European Union foreign ministers formally agreed Monday to extend economic sanctions against Russia for an additional six months in response to the country's role in neighboring Ukraine.
The move came during a meeting of the 28-member bloc's foreign ministers in Luxembourg. EU envoys had preliminarily approved the measure last week.
The sanctions target Russia's energy, defense and financial sectors and have been in place since July 2014, some four months after Russia annexed Ukraine's Crimean Peninsula. They will now run through January 31, 2016.
Kremlin spokesman Dmitri Peskov said Russia considers the sanctions unfounded and that the basis for Moscow's response is "reciprocity." Analysts have said that could mean a further ban on European food imports.
EU spokeswoman Maja Kodijancic said on Twitter that the extension was done "with a view to complete implementation of [the] Minsk agreements."
That cease-fire plan signed in February by Russia, Ukraine, Germany and France calls, in part, for the withdrawal of all heavy weapons and foreign fighters from eastern Ukraine. Observers say the agreement has been repeatedly violated.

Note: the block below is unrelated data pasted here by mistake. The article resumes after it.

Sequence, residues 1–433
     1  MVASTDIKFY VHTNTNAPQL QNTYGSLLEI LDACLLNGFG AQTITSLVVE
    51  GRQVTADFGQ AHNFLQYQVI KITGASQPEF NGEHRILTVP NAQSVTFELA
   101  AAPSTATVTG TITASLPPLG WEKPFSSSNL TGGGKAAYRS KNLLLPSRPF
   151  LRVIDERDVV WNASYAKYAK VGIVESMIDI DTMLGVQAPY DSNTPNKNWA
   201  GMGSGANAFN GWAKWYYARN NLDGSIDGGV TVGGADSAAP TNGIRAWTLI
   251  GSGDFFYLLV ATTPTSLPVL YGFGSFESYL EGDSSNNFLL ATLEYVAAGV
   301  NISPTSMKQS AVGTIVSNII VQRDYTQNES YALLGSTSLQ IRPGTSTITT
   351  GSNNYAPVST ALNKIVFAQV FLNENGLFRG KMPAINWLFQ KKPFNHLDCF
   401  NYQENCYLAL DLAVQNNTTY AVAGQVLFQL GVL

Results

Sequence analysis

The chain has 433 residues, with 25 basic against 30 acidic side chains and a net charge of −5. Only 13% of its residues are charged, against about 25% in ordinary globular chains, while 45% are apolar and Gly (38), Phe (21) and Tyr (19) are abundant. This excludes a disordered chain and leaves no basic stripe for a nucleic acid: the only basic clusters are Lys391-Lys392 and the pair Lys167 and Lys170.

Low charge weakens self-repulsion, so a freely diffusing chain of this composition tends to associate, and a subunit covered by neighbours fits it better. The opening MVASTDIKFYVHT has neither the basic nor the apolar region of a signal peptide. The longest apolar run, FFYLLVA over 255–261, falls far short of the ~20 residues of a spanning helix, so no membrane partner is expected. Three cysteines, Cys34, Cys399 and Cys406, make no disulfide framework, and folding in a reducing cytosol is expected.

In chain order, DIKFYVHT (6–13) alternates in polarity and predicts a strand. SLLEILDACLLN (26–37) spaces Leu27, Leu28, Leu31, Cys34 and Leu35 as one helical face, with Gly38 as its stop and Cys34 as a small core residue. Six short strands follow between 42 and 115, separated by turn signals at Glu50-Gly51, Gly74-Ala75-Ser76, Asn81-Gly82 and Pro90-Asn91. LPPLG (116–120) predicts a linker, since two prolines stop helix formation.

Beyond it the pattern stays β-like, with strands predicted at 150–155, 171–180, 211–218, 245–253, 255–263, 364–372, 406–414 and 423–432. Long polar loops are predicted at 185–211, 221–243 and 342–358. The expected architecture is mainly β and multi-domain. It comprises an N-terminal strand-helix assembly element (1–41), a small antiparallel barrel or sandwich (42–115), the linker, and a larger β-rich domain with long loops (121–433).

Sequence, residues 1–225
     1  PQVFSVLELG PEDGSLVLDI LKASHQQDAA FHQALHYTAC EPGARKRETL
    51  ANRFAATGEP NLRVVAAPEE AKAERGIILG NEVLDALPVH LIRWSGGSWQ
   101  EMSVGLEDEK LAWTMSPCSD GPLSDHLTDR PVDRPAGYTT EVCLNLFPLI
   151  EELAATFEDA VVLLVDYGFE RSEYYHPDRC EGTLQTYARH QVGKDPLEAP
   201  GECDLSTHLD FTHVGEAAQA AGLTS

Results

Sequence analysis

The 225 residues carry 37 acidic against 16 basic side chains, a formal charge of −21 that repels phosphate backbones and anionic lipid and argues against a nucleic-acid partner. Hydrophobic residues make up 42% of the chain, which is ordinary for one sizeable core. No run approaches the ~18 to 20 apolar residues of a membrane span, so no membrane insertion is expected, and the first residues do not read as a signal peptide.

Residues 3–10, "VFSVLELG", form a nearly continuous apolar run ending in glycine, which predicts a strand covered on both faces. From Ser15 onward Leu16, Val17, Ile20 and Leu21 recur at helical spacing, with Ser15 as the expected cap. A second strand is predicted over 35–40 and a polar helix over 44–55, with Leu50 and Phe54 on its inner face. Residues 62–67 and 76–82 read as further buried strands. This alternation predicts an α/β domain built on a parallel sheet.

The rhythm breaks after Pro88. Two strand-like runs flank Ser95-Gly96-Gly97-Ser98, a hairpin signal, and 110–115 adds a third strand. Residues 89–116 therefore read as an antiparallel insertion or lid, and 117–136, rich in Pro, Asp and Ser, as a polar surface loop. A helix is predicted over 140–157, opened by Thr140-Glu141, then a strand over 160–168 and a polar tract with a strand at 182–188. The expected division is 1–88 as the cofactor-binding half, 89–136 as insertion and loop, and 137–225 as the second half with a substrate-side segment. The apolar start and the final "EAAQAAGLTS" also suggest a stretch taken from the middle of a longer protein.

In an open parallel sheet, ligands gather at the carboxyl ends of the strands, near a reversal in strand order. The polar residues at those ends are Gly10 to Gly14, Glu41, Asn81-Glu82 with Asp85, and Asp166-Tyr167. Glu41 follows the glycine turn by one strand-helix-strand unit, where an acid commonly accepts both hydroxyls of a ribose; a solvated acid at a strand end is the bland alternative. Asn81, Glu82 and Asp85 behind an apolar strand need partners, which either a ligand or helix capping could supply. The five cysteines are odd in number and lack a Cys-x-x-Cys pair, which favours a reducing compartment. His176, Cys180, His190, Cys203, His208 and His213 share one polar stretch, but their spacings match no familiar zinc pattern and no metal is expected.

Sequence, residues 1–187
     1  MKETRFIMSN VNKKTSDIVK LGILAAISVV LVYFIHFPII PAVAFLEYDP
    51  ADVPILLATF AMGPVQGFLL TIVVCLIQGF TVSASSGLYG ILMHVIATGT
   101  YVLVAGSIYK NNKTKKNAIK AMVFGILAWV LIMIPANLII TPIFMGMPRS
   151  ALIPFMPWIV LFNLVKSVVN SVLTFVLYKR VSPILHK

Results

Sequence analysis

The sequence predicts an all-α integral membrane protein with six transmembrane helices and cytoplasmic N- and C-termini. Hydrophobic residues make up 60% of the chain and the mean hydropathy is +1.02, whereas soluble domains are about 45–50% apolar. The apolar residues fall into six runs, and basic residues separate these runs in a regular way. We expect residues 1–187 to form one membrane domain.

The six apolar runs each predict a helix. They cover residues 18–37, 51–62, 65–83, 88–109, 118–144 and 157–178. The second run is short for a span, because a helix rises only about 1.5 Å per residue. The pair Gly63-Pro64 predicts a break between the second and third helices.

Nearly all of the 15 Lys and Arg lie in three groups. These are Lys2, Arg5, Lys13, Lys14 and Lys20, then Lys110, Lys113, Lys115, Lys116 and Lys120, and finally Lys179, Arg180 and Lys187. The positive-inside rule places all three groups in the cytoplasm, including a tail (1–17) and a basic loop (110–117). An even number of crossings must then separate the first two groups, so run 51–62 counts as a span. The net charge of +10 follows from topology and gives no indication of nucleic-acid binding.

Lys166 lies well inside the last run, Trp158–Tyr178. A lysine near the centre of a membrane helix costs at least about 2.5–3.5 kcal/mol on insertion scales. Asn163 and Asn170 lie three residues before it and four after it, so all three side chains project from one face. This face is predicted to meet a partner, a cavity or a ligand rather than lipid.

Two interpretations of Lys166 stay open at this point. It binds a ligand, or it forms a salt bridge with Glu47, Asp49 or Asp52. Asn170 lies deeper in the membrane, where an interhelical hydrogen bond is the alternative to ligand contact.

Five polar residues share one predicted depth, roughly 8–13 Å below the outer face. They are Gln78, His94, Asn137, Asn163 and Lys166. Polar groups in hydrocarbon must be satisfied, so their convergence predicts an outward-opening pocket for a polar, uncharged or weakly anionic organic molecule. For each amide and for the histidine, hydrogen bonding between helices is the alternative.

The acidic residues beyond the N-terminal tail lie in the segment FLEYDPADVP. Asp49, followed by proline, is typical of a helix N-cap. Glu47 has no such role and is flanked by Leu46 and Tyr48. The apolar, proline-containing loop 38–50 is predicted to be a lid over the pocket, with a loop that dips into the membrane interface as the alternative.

Meanwhile, the Kremlin's website said that in a three-way telephone call Monday with German Chancellor Angela Merkel and French President Francois Hollande, President Vladimir Putin "reiterated the need for an immediate halt" to what the website described as Ukrainian government forces' shelling of residential areas in eastern Ukraine.
The website reported that Putin also called for "energizing" the process of settling the conflict politically, by addressing the issues of constitutional reform and "the socio-economic reconstruction of southeastern regions" of Ukraine.